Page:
All the hard work MoveOn members and our allies have done on Iraq—the rapid response rallies, the vigils, the letter deliveries, the virtual marches, the petitions—have had an effect. But we’re not there yet. We have one month to go before the vote, and now it's time to turn up the heat in a concentrated way. Momentum to end the war is on our side. It's time to change course.

We recently did some polling on Iraq, but before we get into what we found, a note about our process: A lot of organizations expect polling to tell them what's possible. That's not our approach. We start by figuring out where MoveOn members want to go—in this case, a swift, responsible withdrawal from Iraq.

Then, we listen to the arguments that members make about why that's the right course—like "the war is costing us billions" and "we're in an unwinnable war." Finally, we use polling to figure out which of these messages are persuasive for Republicans and Independents in key target states. Polling helps us identify the areas where progressives, independents and conservatives agree. Here is what we learned from a recent poll across seven states with vulnerable Republican incumbent senators.

The War in Iraq is the top concern among voters
Now I am going to read you a list of concerns people have. Please tell me which ONE of these you think the president and Congress should be paying most attention to. (In this graph, “combined” means the combined score of folks who ranked that particular issue as their first most important and folks who ranked it their second most important issue.)

The war in Iraq Health care Terrorism and national security Illegal immigration The economy and jobs Social Security and Medicare Taxes and spending Moral values Energy and gas prices 1

29 13 15 9 9 4 7 5 3 9 14 14 21 20 27 31


First choice Combined

The best reason to end the war is that it’s turned into an unwinnable religious civil war; the cost of the war is also significant

(In this graph, “Shifters” are people who are most likely to shift their opinions in response to arguments against the war.) Now, I am going to read you a list of reasons people give for ending the war in Iraq and bringing our troops home. Please tell me which TWO of these are the best reasons for (Senator Name) to vote to bring our troops home from Iraq.

34 Religious civil war 28 31 27 31 Cost of war 23 30 29 22 No more lives lost 10 Focus off al Qaeda 21 16 18 16 26 19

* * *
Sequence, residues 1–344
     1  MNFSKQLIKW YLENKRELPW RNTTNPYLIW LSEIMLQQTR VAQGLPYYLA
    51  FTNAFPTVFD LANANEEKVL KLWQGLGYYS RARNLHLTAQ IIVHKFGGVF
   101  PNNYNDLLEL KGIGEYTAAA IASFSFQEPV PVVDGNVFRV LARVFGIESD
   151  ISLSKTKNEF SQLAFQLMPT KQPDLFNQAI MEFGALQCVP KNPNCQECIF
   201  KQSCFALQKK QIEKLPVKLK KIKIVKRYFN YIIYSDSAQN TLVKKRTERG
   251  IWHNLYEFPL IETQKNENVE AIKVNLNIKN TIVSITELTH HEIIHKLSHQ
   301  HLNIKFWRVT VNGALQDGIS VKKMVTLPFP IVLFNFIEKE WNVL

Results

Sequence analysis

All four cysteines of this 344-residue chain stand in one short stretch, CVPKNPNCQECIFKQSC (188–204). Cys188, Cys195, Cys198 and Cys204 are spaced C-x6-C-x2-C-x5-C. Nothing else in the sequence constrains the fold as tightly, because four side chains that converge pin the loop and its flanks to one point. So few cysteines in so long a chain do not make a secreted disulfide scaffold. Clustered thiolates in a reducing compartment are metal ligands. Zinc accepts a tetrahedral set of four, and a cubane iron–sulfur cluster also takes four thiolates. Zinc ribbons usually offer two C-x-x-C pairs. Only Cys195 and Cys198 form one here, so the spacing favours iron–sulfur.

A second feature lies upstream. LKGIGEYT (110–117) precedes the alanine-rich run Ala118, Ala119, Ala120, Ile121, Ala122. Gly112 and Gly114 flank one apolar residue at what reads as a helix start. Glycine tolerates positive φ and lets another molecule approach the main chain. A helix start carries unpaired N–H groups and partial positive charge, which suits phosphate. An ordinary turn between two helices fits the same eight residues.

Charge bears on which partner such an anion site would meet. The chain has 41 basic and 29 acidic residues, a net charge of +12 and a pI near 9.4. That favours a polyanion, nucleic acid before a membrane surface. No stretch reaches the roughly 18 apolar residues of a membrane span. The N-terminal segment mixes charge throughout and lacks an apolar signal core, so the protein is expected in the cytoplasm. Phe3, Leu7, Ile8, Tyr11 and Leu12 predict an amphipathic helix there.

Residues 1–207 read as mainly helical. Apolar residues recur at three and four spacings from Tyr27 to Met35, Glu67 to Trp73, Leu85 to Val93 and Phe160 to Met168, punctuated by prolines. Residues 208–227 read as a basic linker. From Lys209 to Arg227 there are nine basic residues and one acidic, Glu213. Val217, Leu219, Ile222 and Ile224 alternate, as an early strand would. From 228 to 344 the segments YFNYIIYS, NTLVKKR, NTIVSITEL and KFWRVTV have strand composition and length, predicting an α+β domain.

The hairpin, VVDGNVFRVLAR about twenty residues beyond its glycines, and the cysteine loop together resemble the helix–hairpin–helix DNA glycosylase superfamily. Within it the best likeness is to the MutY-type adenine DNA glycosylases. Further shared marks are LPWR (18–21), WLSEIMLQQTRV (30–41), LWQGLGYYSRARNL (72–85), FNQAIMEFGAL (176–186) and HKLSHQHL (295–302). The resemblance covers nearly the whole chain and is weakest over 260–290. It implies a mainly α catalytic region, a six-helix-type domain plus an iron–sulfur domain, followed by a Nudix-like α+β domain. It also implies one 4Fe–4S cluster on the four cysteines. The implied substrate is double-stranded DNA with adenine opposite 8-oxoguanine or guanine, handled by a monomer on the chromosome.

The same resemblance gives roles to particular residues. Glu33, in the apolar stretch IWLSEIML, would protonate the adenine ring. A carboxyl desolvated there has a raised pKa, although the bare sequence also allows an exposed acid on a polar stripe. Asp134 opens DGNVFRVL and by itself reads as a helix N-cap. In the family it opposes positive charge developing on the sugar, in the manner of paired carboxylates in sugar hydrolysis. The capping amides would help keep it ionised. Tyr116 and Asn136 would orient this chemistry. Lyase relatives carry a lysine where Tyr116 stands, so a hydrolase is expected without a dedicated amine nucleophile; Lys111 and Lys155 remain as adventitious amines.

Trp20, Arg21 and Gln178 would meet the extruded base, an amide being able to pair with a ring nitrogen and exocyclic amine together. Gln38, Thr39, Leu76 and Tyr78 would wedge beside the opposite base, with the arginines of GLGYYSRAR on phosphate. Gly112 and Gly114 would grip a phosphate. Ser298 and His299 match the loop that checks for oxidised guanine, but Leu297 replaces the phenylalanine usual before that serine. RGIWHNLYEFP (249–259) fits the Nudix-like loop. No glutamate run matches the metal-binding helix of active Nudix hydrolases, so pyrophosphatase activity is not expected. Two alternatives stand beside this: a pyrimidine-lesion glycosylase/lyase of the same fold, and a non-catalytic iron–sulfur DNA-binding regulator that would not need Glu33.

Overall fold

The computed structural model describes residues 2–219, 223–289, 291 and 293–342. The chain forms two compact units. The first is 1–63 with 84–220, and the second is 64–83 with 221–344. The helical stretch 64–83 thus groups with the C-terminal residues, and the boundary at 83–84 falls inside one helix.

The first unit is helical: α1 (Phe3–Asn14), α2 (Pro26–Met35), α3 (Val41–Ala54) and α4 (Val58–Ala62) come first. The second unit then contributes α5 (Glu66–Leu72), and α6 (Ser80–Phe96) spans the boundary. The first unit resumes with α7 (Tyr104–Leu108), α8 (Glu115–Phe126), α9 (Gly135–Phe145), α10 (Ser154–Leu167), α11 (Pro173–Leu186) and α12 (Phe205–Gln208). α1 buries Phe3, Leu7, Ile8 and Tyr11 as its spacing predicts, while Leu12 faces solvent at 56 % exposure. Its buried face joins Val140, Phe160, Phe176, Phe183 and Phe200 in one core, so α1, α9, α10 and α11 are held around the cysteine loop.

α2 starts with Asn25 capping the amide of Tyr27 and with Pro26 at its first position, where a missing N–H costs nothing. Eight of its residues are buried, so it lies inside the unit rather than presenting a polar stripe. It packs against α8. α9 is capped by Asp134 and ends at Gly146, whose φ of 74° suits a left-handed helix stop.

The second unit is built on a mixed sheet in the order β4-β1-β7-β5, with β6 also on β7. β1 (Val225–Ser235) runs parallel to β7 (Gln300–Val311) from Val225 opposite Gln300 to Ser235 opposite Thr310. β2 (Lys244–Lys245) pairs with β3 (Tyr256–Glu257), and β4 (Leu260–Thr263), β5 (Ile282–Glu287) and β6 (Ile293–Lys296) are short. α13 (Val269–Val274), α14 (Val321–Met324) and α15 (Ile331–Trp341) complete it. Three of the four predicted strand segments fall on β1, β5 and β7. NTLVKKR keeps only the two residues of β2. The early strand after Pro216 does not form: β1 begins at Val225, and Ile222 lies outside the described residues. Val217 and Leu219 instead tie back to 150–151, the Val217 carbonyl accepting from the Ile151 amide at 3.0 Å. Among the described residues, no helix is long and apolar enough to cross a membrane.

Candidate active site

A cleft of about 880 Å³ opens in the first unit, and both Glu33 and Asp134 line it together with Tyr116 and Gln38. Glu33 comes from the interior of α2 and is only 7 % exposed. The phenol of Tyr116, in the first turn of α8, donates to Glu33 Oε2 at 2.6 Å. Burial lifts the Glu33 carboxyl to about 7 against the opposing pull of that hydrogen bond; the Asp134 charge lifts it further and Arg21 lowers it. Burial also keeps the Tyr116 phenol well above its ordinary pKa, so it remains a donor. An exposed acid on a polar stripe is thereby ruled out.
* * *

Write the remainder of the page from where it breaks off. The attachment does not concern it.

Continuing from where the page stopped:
Shifters Iraq has impact on vote Independents Swing Voters

Cost of war is top message among target groups
As you may know (Senator Name) has voted several times to support President Bush’s strategy in Iraq. In September there will likely be new votes to change the course. Let me read you some statements Democrats might make criticizing (Senator Name) for voting against legislation that would force President Bush to change course and set a timeline for removing all U.S. troops from Iraq. Please tell me if each statement would make you more or less likely to vote to reelect (Senator Name)?

Cost of War 28 27

39 37 51 40

Swing voters Independent Shifters

Arming militias

49 31 31 29 49 33 39 35 44 34
Iraq has impact on vote

Alignment with Bush

Ignoring the people

The themes this polling showed to be most effective: The rising cost of Iraq, now $10 billion per month. The number around which we make our argument. Link the cost to endless religious civil war. Key implication: the cost is rising without limit and with no end in sight. Shortchanging domestic priorities. Including health care and alternative energy for energy independence. Bringing it all together: Pro-war senators are wasting billions of the taxpayers' dollars in an endless, religious civil war that cannot be won. Conclusion
This war has gone on for too long. But we’re closer now than we’ve ever been to ending it. This is the critical moment. Congress is at home in their districts—and then they’re heading straight back to Washington to decide war policy for another year. If we act together, we can put the nail in the coffin of President Bush’s plan for endless war. We just have to make it perfectly clear to every member of Congress: Vote to end the war in September or face political extinction. Together, we can do this.